Implementing Systems Compliant with the Public Health Information Network

PHIN's specifications and functions are the building blocks for interoperable standards-based systems. However, considerable discussion has ensued about appropriate processes for turning these relatively high-level specifications into functioning systems. The CDC Information Council, the official governance body for CDC and its public health partners (including Association of State and Territorial Health Officials, National Association of County and City Health Officials, Council of State and Territorial Epidemiologists, Association of Public Health Laboratories, and National Association of Public Health Statistics and Information Systems) asked the Gartner Group, an experienced IT consulting firm, to recommend implementation approaches for PHIN specifications and functions, as well as processes for managing evolution of the architecture and data standards. In 2003, the Gartner Group issued a report addressing the PHIN functions and specifications and recommended approaches that might accelerate their implementation (7). The study team interviewed state and local health departments and examined documents and design specifications at CDC. The final report endorsed the PHIN standards and specifications as appropriate for use in public health. It also noted that CDC's public health partners universally agreed to the vision and overall direction of PHIN and emphasized that successful implementation of PHIN is critically dependent upon the commitment of CDC and its public health partners. The report also identified areas needing further clarification or expansion of the PHIN architecture.

For systems that are underway or still in development, the Gartner Group recommended an evolutionary approach toward PHIN compatibility. They recommended that application development teams focus first on compatibility of the data model with PHIN data standards and use of controlled medical vocabularies. Doing so would permit creation of data that can be easily aggregated at the national level by using extensible markup language (XML) schema. They also recommended use of HL7 messaging format for transport and security standards to share data securely between public health partners and CDC. A third recommendation was to focus on standards-based directory services (LDAP) to allow authorized and controlled access. Finally, they recommended that CDC provide tools (e.g., tools for secure message transport) built on PHIN standards that could be made available to states and their partners.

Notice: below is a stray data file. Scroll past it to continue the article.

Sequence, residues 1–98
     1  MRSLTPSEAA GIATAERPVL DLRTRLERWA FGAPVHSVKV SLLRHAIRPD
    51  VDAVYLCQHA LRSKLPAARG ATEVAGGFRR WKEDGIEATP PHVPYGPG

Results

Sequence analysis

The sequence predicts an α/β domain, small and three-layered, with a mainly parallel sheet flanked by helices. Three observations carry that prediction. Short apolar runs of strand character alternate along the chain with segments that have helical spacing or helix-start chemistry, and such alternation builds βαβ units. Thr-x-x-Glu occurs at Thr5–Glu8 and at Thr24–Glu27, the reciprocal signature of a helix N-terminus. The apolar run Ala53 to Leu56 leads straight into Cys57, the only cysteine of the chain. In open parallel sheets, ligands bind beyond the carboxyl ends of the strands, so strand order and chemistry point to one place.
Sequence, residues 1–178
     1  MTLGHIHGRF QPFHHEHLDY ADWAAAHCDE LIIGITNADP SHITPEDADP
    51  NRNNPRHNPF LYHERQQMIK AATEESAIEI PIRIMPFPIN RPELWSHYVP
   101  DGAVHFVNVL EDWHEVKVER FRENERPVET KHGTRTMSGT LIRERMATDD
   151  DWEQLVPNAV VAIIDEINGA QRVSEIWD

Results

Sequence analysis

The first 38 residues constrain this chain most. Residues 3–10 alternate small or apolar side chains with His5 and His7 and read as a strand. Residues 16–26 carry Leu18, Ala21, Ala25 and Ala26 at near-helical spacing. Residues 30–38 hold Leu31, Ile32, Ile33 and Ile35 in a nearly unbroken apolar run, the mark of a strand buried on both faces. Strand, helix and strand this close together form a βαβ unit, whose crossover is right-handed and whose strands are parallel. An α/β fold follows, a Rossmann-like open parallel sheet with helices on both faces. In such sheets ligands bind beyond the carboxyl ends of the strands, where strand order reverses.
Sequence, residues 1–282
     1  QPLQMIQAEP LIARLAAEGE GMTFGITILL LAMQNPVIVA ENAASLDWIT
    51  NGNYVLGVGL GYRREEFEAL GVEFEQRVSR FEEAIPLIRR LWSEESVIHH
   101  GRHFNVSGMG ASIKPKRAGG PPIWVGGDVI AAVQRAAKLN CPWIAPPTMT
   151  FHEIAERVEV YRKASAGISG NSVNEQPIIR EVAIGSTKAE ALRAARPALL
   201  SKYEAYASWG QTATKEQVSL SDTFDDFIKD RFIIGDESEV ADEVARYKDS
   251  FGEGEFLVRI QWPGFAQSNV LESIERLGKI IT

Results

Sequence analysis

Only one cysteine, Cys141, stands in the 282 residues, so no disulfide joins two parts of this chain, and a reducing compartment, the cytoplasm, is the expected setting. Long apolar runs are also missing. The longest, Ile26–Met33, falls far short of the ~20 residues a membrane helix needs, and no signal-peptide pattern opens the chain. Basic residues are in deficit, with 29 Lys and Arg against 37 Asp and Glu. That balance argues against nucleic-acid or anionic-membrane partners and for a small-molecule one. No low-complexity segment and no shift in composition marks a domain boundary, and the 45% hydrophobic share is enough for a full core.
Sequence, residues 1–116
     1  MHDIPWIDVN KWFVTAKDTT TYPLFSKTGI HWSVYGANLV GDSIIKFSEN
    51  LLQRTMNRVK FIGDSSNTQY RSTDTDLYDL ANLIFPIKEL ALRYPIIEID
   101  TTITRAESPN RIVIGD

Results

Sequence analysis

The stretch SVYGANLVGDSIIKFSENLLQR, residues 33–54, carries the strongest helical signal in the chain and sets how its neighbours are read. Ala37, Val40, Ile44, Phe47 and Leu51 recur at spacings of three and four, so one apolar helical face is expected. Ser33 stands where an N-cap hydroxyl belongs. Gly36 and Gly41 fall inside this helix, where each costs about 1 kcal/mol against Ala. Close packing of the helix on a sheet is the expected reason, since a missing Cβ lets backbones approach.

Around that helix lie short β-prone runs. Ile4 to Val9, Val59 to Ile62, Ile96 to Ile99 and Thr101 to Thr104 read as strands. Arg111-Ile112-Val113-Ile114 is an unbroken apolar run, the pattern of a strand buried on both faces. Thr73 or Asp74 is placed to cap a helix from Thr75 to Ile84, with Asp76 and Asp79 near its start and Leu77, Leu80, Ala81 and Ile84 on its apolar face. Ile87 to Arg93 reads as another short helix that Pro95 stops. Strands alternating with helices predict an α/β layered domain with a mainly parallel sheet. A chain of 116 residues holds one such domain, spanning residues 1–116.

The Gartner study recommended that PHIN allow for multiple solutions, particularly for those components that are more technically challenging or new in the market (e.g., HL7 version 3.0, ebXML; http://www.hl7.org). However, they emphasized that the goal of a live network should be maintained even as different solutions are implemented. They recommended PHIN standards be required for investments of federal public health funding. Finally, they emphasized the importance of security at all levels of state public health infrastructure, recommending that states undertake independent verification and validation studies to provide an independent assessment of system security.

In addition to resources invested by states and local jurisdictions, additional funds are available to support PHIN in general and its use for early detection in particular. Since FY 1999, all 50 states have received funding through the Health Alert Network for continuous broadband internet connectivity among states and local health departments. Certain states have also used this funding to provide connections with clinical-care delivery partners and emergency-management partners. Since FY 2000, states have also received funding for standards-based surveillance systems through NEDSS, which implements the PHIN standards for clinical data exchange in the area of clinical laboratory data and nationally notifiable diseases. In FY 2002, the Public Health and Social Service Emergency Fund awarded >$1 billion for state and local public health preparedness capacity. A substantial portion of these funds have been directed to investments in IT systems; both CDC and the Health Resources Services Administration (HRSA) require that all IT investments use the PHIN specifications and functions (1). In September 2003, the second round of preparedness funding was awarded, which continued to require use of PHIN specifications and functions when funding IT investments. By September 2003, HRSA grants had increased to $498,000,000, directed toward enhancement of hospital surge capacity to deal with terrorist events. This funding could be used, in part, to strengthen the communication and data interchange between hospital partners and public health.

Consistent with the Gartner Group recommendations, CDC has developed and made available tools to assist in developing PHIN-compliant systems. The PHIN Messaging System is a software program that supports standards-based, bidirectional, interinstitutional message transport using the ebXML standard with Public Key Infrastructure (PKI) encryption (8). It provides a message-transport tool for point-to-point messaging, thereby addressing the need for secure authentication and authorization between sender and receiver as well as handling encryption of the message payload.